The Best Wines for your Summer BBQ
Warm summer nights make a great excuse for outdoor gatherings, and consuming good food and wine with friends. Grilled and smoked foods have complex, rich, smoky flavor, pairing wines to match can take thought.
Focus on the natural flavors of the food; keep the spices simple, and let the smokiness shine. Highlight complementary tones, and counterpoints with your wine pairing to bring out the best in the wine and food. If the food is fatty, having a wine with a higher acidity level, or tannins, will act in contrast, and cleanse the palate; while a rich, high alcohol content wine will highlight the full flavor and intensity of your food. When you discover the best pairings for smoked food at its simplest, then you have a base to branch out from when you start to play with spices and sauces.
Here are some suggestions we think make the perfect pairing for simple grilled foods:
Beef and Buffalo
Beef or buffalo burgers and steaks with big flavor call for big wine. Syrah, Caber-net (Franc or Sauvignon), and Zinfandel (red- not pink) are especially good matches. Big jammy flavors with dark berry tones and full tannins are a nice complement to the full flavor of grilled beef or buffalo.
A good wine to try is the Owen Roe Ex Ubris Syrah 2012
Game meats such as venison, yak, and lamb, pair well with Grenache, Bor-deaux, Nebbiolo, Sangiovese, and earthy Pinot Noir. The musky tones in these varieties complement the gaminess of the meat, while the raspberry and cranber-ry tones give a mouthwatering sweetness.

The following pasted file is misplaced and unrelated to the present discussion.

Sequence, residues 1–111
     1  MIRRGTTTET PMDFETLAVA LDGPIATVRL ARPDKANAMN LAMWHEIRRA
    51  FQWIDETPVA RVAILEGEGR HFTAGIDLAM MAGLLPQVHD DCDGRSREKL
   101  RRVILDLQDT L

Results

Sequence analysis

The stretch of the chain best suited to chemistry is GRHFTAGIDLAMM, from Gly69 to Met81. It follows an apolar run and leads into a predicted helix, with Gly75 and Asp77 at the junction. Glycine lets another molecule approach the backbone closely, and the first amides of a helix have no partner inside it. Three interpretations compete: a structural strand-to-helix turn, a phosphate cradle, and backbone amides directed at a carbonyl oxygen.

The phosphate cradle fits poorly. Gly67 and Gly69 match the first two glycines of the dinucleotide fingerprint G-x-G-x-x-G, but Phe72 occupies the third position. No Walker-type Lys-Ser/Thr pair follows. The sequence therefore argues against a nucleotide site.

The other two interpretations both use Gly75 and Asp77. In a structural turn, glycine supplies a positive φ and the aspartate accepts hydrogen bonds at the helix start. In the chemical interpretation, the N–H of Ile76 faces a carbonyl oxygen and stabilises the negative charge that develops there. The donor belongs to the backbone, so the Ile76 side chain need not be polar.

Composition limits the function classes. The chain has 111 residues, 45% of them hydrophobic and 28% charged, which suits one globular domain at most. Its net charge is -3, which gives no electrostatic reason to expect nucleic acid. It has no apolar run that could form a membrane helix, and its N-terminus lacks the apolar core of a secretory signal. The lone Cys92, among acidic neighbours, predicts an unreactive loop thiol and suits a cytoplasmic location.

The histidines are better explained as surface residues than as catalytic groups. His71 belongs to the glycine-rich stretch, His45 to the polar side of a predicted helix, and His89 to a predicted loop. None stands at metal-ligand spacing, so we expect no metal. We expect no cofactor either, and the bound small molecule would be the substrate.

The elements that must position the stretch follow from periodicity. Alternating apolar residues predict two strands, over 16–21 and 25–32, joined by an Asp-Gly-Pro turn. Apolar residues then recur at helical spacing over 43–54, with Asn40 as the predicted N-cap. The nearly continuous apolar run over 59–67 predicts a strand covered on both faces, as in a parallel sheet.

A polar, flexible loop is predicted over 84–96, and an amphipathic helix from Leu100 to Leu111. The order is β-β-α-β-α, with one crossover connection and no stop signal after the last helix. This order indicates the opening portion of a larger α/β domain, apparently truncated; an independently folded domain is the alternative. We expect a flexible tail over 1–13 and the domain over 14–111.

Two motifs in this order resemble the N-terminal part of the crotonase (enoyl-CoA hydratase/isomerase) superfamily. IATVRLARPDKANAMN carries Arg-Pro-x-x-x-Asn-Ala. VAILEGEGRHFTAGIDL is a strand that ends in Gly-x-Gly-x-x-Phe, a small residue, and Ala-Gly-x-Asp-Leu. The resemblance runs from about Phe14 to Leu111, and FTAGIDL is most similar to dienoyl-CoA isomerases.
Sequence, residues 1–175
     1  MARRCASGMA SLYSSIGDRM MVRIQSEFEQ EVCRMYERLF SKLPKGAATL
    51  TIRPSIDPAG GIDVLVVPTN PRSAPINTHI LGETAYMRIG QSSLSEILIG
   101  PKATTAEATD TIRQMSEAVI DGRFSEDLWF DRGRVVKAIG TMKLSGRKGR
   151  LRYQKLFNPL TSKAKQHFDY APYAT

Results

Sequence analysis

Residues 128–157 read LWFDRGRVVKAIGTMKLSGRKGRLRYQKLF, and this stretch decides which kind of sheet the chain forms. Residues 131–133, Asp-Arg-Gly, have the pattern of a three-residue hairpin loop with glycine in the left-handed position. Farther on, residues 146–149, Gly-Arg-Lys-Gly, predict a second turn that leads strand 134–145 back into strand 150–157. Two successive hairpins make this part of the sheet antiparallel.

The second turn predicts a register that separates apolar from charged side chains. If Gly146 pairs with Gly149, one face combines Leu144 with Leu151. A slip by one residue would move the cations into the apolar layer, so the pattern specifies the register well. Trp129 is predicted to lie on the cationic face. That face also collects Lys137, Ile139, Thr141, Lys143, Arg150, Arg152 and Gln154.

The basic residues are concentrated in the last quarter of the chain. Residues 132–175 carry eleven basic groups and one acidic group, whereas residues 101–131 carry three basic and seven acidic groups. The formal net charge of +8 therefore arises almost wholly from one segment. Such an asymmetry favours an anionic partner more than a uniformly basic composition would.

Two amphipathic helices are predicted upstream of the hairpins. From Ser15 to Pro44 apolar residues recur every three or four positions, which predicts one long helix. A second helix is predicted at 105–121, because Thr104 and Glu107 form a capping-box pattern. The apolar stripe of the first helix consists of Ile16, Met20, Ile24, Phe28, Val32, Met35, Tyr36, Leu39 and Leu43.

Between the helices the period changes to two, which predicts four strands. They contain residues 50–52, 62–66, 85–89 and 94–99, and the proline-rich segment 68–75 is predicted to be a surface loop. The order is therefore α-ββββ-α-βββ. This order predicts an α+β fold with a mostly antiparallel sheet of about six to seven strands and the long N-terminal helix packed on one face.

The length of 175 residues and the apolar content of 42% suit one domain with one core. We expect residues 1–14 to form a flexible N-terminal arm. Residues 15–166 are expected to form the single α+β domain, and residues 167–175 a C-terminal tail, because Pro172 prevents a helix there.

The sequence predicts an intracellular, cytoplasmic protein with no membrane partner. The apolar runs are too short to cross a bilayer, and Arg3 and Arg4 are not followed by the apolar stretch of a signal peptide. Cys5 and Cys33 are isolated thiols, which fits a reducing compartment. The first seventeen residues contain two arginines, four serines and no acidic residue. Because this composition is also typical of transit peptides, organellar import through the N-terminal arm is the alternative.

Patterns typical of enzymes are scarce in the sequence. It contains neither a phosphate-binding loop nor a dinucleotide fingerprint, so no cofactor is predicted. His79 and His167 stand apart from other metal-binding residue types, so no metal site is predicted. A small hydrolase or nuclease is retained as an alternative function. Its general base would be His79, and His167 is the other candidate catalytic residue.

Grilled pork has great flexibility and can partner with a variety of wines, depend-ing on the cut and preparation. Pulled pork or ribs do well with a Tempranillo, Barbera or Merlot. Pork chops or loin are heavenly with a crisp, dry Rosé, Pinot Noir or Beaujolais. Lean cuts would pair nicely with white wines, such as a Chablis, Pinot Blanc, Chardonnay, Soave or Riesling.
Hot dogs and sausages are surprisingly brilliant with wine. Try a sparkling variety! The juicy, fatty sausage benefits from the effervescent bubbles, sweetness and balanced acidity of Champagnes, Prosecco, Cava and other Sparkling Wines. Rosé is also a good choice!
Game birds like duck, goose, and pheasant naturally pair with Pinot Noir, Mourvédre, Rhone blend, Rosé and Gewürztraminer. Gewürztraminer, or “off dry” Rieslings are especially fantastic choices if the bird has an apple, quince or orange based sauce.
Game birds tend to be earthy in flavor with lots of fat so they benefit from sweetness and earthiness.
Grilled chicken or quail allows you to pair with almost anything. We love a white pairing of Viognier, Sauvignon Blanc, White Cots du Rhône, or Oaked Chardonnay.
The herbaceous and creamy flavors of these wines with lovely fruit create a nice contrast to the mildness of the meat. Dry Rosé or a light bodied red such as Pinot would also be well matched.
Grilled shellfish such as shrimp, muscles, oysters, and scallops are another perfect partner for Sparkling Brut varieties of wine. Vino Verde, Albarino, Pinot Gris and Unoaked Chardonnay are also good matches.
Wines with good acidity and citrus tones are natural pairings to highlight the flavors of these foods and not overwhelm them.
Try: Pol Roger Brut
Seafood can vary in taste profile, so it’s especially important to take note of taste, texture and flavor. Remember that big flavored food can handle big wine, deli-cate tastes benefit from light, subtle wines.
Big, salty fish stand up to a Pinot Noir, Sangiovese or Grenache. Medium textured fish pair well with Rose, Semillon, or Sauvignon Blanc. Mild, meaty fish partner well with Chardonnay, White Bordeaux, and Pinot Blanc. Delicate, light flaky fish love White Burgundy, Muscadet, Verdejo and Unoaked Chardonnay.
Pairing wine with vegetables is a bit like pairing Seafood and the same rules apply. You have great flexibility in this area. Generally light to medium bodied wines work best with veggies.
This is a brief introductory guide to pairing grilled food and wine and we hope you find it useful. It just scratches the surface on a complex topic. When you throw in spices, rubs and marinades the game changes.
What are some of your favorite wine pairings for barbecued food? We’d love to hear from you! If you have questions, we’d love to help!